PART II.The Psychological Shift: Building Resilience Amidst Managed Concern- 3 ways to resource during a crises

PART II.The Psychological Shift: Building Resilience Amidst Managed Concern- 3 ways to resource during a crises

One of the major impacts on our psyche is the “fear” reaction. It challenges the potential for resilience in many ways. Elements that promote the contents of fear and anxiety are provoked by many things in our environment. Scarcity, living with unknowns, vulnerability and lack of options (trapped animal effect) ushers in emotional reasoning that overrides logic, thus competing for cortical real estate in the landscape of thinking processes. But in many ways, the challenges to extremes and the Rapid Onset of Change (ROC) can allow us to also uncover and engage one another in more beneficial and important ways. Approaching extreme situations by developing our possibilities and incorporating  a shift to a “managed concern” perspective is one positive way of engaging our environment.

In this installment of Part II of the Psychological Shift, we will examine the ideas of orientingadaptive-bridging, and renegotiation using managed concern as a process and goal for encouraging new ways of thinking and instituting “internal resilience resourcing” during a time of rapid change.

Our brain plays a seemingly important and challenging role during crises events. To better understand it, it is important to see how the brain is divided into array of complementary components that today are still being examined and uncovered for their potentials. Psychology, and most especially neuropsychology researchers, are concerned with our physiognomy and its interplay with the mind. These same researchers have studied the divisions of the brain and each element therein for its derivative functions in variations of descriptives that help us understand how we react and respond to things and their point of origin, so that we can begin to understand the complex linkages and learn why we do the things we do.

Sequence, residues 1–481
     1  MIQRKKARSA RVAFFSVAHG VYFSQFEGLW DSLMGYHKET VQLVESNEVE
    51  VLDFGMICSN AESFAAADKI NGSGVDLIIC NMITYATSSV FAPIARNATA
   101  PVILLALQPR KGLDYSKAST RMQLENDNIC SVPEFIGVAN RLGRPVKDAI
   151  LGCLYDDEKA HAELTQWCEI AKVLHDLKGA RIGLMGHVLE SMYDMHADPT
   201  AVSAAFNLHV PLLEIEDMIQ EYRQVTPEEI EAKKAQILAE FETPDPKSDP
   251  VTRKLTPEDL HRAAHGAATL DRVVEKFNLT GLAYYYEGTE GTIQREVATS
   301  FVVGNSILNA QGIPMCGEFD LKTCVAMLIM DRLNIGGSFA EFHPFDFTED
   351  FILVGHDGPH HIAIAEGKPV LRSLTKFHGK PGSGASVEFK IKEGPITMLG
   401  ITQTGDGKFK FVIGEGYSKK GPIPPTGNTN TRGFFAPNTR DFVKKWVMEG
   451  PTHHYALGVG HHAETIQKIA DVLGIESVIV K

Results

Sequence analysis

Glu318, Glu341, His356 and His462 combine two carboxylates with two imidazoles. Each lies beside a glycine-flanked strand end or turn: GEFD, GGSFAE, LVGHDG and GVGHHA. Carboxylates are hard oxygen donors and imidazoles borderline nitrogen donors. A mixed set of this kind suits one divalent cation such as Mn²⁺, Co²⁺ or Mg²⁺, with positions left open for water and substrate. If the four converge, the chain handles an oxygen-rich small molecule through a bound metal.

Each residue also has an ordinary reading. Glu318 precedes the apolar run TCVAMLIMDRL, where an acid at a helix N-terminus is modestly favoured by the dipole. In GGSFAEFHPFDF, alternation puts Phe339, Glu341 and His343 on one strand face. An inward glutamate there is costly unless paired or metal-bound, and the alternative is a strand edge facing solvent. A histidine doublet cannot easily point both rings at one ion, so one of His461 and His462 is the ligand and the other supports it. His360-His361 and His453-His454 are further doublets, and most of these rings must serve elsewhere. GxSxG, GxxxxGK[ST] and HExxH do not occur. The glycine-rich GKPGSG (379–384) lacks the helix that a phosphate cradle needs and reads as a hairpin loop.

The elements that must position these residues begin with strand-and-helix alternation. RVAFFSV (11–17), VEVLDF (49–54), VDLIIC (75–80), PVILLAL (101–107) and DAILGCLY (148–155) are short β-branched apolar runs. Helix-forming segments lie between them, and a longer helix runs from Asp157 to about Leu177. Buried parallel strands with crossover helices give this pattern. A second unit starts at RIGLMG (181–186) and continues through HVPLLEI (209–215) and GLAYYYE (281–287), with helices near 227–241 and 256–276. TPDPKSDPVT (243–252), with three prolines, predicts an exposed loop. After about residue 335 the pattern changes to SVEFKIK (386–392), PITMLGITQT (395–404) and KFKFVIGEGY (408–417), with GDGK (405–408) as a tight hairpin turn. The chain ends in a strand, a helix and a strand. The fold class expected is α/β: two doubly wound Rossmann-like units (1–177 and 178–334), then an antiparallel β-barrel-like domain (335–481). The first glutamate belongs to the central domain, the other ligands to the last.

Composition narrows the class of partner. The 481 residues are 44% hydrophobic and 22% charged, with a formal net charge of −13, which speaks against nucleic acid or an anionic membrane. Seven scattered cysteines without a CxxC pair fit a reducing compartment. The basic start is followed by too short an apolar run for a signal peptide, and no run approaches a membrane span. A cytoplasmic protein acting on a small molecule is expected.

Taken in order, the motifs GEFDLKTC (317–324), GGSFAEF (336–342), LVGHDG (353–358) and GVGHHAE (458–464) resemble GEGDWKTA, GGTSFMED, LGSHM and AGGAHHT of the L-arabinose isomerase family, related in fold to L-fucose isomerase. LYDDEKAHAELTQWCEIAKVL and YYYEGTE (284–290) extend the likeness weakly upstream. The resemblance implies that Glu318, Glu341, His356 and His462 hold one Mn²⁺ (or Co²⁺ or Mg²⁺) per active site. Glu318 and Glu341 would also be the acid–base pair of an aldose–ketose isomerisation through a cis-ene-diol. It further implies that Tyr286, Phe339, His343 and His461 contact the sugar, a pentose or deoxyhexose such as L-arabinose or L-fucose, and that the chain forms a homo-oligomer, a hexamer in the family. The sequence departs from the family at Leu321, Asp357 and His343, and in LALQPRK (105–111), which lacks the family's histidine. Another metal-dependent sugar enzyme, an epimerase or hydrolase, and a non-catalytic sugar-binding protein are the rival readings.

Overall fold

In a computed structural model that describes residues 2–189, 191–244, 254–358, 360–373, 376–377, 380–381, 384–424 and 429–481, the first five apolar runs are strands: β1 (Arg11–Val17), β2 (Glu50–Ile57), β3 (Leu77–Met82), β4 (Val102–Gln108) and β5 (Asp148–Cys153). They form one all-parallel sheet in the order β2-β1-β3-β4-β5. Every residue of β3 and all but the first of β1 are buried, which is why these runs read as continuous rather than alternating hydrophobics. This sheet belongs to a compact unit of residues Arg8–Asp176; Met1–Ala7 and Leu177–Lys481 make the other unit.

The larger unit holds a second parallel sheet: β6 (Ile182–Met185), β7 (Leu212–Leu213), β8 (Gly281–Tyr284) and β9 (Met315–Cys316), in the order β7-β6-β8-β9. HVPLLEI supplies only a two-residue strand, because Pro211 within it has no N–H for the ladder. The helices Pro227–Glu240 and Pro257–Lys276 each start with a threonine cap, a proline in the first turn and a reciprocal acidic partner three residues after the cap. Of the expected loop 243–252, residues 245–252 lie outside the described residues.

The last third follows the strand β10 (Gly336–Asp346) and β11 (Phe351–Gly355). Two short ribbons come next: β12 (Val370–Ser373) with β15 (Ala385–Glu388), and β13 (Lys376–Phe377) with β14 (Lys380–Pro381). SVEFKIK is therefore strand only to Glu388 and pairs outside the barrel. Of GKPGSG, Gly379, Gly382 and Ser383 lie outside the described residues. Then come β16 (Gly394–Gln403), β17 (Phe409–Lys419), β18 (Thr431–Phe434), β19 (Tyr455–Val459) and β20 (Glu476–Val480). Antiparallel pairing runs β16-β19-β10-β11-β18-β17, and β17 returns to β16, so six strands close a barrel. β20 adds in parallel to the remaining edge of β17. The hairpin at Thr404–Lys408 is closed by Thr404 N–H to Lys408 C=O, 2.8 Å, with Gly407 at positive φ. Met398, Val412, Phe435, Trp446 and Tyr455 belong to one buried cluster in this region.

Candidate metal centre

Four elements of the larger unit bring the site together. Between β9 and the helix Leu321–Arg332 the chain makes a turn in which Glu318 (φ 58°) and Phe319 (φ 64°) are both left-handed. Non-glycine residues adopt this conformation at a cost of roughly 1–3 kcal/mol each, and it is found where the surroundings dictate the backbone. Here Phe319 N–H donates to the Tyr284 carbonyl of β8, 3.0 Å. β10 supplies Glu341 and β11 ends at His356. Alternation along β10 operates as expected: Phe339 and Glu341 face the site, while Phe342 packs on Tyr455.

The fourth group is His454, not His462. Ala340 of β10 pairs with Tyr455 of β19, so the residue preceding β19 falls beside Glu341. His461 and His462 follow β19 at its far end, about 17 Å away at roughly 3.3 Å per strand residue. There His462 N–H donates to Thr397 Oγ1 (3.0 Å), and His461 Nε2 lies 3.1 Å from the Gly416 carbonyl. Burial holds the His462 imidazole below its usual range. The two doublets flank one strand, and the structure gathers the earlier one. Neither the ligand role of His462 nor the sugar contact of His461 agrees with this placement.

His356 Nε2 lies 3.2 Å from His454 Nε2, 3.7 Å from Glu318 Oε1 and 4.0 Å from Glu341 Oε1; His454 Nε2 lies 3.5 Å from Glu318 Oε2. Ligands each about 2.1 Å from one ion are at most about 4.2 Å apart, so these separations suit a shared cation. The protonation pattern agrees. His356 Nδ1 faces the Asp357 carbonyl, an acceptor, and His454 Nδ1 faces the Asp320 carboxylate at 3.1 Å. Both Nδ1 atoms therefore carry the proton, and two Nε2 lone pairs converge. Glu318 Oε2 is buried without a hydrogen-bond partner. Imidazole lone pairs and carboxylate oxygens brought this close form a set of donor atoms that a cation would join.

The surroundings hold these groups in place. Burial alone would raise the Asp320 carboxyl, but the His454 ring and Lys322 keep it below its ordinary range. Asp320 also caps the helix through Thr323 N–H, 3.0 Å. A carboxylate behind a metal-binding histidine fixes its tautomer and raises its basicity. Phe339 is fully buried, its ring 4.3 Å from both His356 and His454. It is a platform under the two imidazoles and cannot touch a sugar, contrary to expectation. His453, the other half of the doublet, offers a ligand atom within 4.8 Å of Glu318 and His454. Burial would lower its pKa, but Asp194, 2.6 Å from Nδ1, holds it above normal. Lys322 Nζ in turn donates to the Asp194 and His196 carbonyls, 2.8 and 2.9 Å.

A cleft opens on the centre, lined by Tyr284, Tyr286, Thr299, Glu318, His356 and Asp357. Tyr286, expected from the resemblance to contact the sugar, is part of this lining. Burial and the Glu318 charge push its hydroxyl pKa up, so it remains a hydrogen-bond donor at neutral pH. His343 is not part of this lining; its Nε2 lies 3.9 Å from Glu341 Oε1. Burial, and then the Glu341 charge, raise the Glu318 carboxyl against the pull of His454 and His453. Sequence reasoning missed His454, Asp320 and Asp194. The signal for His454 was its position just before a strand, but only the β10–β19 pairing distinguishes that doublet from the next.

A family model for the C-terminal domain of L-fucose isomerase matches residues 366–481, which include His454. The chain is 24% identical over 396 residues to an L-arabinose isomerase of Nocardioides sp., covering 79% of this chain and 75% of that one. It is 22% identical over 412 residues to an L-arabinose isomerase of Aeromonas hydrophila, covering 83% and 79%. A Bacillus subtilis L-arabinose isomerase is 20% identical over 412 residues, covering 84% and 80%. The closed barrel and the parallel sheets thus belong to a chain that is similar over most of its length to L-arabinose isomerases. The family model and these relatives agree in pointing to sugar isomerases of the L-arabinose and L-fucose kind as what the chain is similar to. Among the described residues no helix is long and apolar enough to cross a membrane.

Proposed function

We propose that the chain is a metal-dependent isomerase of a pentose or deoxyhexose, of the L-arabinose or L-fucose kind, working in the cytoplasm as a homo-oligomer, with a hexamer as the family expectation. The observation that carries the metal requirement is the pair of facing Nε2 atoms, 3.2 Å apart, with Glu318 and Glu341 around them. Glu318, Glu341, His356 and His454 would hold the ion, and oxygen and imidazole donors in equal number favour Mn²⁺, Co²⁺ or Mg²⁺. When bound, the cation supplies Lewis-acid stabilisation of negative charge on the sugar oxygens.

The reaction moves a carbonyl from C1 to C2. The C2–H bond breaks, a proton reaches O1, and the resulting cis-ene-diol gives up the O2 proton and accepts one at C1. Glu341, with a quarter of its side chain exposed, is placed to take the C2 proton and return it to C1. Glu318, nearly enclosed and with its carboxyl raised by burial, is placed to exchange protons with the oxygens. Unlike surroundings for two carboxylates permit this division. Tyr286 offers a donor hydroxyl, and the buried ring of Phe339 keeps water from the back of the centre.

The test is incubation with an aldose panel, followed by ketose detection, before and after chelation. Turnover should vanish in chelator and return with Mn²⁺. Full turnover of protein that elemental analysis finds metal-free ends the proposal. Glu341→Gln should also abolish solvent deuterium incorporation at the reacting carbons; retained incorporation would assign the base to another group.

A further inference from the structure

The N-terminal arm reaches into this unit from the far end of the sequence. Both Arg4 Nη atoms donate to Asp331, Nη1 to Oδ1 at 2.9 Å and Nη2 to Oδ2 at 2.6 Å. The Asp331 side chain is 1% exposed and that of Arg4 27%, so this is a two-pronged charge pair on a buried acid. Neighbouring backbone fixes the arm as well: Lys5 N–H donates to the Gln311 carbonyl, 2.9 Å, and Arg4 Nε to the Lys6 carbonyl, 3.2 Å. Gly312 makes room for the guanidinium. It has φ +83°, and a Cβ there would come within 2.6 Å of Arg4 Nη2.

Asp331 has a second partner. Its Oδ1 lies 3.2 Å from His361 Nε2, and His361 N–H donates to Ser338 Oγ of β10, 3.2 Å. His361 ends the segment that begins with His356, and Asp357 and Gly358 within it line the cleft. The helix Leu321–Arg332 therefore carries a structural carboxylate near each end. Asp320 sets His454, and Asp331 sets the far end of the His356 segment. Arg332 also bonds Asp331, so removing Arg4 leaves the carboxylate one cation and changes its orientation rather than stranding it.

The brain and body likewise respond to important cues in the environment and their potential for threat or harm, especially within the sudden and rapid onset of an unanticipated event. This might evidence itself most especially with events like the sudden loss of a job, breaches to family routine that are extreme, sudden loss of family or friends, abrupt changes to daily living circumstances, and/or the potential for immediate threat or harm. Our physiological reactions to such events are governed by specific parts of the brain. According to Peter Levine, in his book “Waking the Tiger,” the involuntary and instinctual parts of the brain and nervous system look very much like those of other mammalian and reptilian animals. Levine describes the triune brain as composed of a reptilian brain (instinctual), the mammalian or limbic brain (emotional), and the human brain (rational) [1]. The same parts of the brain activated by fear because of trauma or even sudden or rapid change that upset daily life routines are the same parts of the brain activated within most of the animal kingdom. Levine’s premise is in learning from other animals and their ability to move through a “fluid adaptation” process rather quickly. Most animals allow the discharge of energy following a traumatic event perhaps through a predatory encounter they survive, to move through their body, in a sense, “shaking it off” and moving on after the threat of harm has been eliminated. If we take that a step further, looking at how and what we orient to, what captures our focus and using some adaptive bridging techniques to modify that process, we can renegotiate our experiences and most especially, modify how we “see” the rapid onset of change during the COVID-19 era. The opportunity to work on how we perceive events can teach us a tremendous amount about ourselves and provide great resource states we can use for the rest of our lives. A good place to begin is to look at what Abraham Maslow founded in the world of psychology through the lens of a hierarchical structure of “needs” known today as Maslow’s Hierarchy.